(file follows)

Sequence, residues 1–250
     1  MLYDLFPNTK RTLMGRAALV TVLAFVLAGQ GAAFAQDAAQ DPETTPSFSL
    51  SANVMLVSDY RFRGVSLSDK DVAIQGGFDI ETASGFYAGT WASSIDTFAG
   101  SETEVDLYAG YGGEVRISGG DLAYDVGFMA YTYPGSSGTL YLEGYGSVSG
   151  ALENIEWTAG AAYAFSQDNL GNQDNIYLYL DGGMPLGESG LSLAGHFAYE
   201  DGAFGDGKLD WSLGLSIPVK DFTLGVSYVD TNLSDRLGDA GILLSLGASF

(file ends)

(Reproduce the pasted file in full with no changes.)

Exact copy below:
Sequence, residues 1–250
     1  MLYDLFPNTK RTLMGRAALV TVLAFVLAGQ GAAFAQDAAQ DPETTPSFSL
    51  SANVMLVSDY RFRGVSLSDK DVAIQGGFDI ETASGFYAGT WASSIDTFAG
   101  SETEVDLYAG YGGEVRISGG DLAYDVGFMA YTYPGSSGTL YLEGYGSVSG
   151  ALENIEWTAG AAYAFSQDNL GNQDNIYLYL DGGMPLGESG LSLAGHFAYE
   201  DGAFGDGKLD WSLGLSIPVK DFTLGVSYVD TNLSDRLGDA GILLSLGASF